Housing supply

Shortage of Housing Supply in Canada: Skilled Labor Capacity

OTTAWA – In June 2022, Canada Mortgage and Housing Corporation (CMHC) released Housing Shortages in Canada: Estimating What is Needed to Solve Canada’s Housing Affordability Crisis by 2030 (ESG 2030), which has taken initial steps to estimate the supply of additional housing needed to restore housing affordability by 2030.

A significant challenge to achieving these goals by 2030 is the amount of skilled labor needed. Using the housing supply targets outlined in ESG 2030, CMHC released the tracking report Labor Capacity Constraints and Supply in Canada’s Major Provinceswhich examines the skilled labor capacity in Ontario, Quebec, British Columbia and Alberta to meet this level of housing supply needed.

The report examines an optimal scenario, which projects starts with “maximum” labor capacity and compares these projections to the affordable supply targets established in ESG 2030 and CMHC’s housing starts baseline forecast. The best case scenario is based on the highest percentage of people in our population working in residential construction and the lowest number of residential construction workers per dwelling under construction over the past 25 years.

According to the report, under the best-case scenario, housing starts will fall well below 2030 affordable housing supply targets in Ontario, British Columbia and Quebec, while Alberta will be able to meet its affordable housing supply target by 2030.

This report further reinforces the fact that to solve Canada’s housing affordability problem, we need an “all on deck” approach to increasing housing supply to meet demand. This will include leveraging innovative ideas and initiatives used in the current housing industry and through the federal government National Housing Strategyas shown in the Suggested Solutions section below.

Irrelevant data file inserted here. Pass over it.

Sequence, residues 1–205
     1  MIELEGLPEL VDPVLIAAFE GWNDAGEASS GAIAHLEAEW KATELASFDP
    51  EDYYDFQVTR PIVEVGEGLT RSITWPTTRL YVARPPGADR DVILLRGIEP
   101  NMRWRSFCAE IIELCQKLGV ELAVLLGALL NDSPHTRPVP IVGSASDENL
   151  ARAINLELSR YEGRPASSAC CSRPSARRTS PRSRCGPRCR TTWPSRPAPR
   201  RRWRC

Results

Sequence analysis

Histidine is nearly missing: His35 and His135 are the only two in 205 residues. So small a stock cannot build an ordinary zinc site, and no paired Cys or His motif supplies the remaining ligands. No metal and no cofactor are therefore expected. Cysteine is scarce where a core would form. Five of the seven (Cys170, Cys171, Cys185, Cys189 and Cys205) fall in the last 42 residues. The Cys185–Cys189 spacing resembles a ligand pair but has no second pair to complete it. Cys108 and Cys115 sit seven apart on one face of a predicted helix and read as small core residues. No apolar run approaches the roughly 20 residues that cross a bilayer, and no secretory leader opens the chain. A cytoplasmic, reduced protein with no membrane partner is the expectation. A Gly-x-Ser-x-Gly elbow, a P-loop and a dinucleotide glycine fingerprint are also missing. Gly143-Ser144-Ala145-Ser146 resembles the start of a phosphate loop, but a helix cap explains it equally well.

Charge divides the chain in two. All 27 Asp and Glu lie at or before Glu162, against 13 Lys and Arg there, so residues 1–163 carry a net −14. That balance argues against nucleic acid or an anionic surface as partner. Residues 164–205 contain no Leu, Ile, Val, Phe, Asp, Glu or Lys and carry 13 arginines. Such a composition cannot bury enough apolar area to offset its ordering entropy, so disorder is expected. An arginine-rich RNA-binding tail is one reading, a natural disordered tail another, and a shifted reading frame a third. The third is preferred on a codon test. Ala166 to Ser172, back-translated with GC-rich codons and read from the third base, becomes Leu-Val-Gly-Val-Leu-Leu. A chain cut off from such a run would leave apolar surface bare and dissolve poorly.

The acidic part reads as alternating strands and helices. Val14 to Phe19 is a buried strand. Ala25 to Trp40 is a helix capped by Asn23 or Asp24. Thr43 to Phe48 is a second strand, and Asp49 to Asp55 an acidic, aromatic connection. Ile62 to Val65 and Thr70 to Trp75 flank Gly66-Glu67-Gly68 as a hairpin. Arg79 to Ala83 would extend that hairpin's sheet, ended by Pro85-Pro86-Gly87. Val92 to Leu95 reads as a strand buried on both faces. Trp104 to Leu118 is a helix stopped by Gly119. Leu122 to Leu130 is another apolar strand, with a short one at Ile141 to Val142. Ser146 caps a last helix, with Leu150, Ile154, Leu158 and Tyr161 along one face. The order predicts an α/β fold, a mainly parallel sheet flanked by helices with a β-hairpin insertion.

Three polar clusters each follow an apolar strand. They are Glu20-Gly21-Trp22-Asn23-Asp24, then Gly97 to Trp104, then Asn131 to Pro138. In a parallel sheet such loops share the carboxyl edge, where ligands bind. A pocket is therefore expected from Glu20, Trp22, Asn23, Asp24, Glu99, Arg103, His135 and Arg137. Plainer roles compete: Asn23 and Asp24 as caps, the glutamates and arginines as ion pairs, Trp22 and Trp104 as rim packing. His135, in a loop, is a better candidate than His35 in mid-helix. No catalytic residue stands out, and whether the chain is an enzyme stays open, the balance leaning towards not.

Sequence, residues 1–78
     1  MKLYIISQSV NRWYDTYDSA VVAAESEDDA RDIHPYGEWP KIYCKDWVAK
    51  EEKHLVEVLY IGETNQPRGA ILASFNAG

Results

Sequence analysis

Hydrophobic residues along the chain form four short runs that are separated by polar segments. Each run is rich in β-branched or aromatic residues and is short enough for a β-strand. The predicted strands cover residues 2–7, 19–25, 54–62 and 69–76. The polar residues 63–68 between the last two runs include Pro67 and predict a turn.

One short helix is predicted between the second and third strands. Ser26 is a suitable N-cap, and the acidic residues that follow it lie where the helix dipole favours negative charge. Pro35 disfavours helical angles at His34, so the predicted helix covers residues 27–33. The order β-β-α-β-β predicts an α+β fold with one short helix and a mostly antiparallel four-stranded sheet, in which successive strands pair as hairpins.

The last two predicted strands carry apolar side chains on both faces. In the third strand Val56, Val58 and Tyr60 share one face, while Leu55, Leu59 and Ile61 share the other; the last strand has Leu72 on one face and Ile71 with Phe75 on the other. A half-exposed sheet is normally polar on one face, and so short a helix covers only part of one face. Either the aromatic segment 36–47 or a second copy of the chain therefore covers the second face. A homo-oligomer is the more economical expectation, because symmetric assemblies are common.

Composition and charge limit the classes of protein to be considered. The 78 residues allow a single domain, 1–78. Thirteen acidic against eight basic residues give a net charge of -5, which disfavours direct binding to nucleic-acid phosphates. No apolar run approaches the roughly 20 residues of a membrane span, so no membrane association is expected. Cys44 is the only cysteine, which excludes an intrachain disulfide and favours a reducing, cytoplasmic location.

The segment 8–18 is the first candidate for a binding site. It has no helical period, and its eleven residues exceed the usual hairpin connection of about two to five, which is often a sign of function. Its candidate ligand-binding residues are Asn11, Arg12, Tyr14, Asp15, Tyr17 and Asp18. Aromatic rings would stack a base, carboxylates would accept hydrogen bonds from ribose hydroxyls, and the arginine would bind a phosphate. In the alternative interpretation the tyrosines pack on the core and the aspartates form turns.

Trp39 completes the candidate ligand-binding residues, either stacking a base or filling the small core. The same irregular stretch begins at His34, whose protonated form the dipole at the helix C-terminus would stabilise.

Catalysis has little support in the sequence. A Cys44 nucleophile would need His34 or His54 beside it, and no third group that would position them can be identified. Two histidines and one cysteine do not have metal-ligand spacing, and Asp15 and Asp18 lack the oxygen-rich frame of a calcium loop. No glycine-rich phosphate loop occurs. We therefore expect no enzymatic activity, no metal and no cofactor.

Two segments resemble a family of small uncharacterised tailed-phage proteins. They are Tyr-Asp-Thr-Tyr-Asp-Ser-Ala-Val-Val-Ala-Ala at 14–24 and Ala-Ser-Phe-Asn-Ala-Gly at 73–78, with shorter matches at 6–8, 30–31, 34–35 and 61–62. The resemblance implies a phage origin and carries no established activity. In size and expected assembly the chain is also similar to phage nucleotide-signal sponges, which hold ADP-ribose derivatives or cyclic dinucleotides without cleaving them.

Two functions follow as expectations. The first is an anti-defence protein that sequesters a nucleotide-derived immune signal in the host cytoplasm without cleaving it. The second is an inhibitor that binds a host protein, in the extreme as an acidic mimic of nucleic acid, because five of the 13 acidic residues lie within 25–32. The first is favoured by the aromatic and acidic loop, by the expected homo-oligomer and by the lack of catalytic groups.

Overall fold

Report key findings:

  • At the current pace, there is insufficient labor capacity to address significant housing shortages, primarily in Ontario and British Columbia (BC).
  • In the best-case scenario, the labor capacity only exists to increase housing starts activity in the four major provinces between 2022 and 2030 by an annual average of 30% to 50% above CMHC’s baseline housing starts forecast:
  • Ontario by 36%
  • Quebec by 29%
  • British Columbia by 41%, and
  • 54% Alberta
  • Ontario, Quebec and British Columbia need to double their best labor capacity to adequately meet affordable housing supply targets by 2030.
  • Labor capacity issues are most critical in Ontario, which has the largest population and the highest price pressures.
  • Although the pandemic has shown that the workplace can pivot and handle higher construction volumes with fewer workers, this can still lead to construction backlogs, which will cause delays and delay the supply of new units to markets that need more supply.

Suggested solutions:

  • The federal government, through CMHC, creates and delivers programs, such as the Housing Acceleration Fund and the Rapid Housing Initiativeamong other things, in the context of National Housing Strategywhich aim to identify and propose innovative solutions to accelerate the construction of housing supply in many urban centers in Canada.
  • Focus on converting existing structures into residential units, especially existing commercial structures. This method has proven successful through the conversion of hotels, motels and offices under the Rapid Housing Initiative.
  • Increase the construction of multi-unit housing, as they offer less logistical constraints to move labor materials and equipment between structures than single-family homes.
  • Create more incentives to develop a new generation of skilled construction workers.
  • More targeted immigration programs to encourage skilled, temporary and/or permanent foreign workers to fill labor shortages, particularly in Ontario and British Columbia.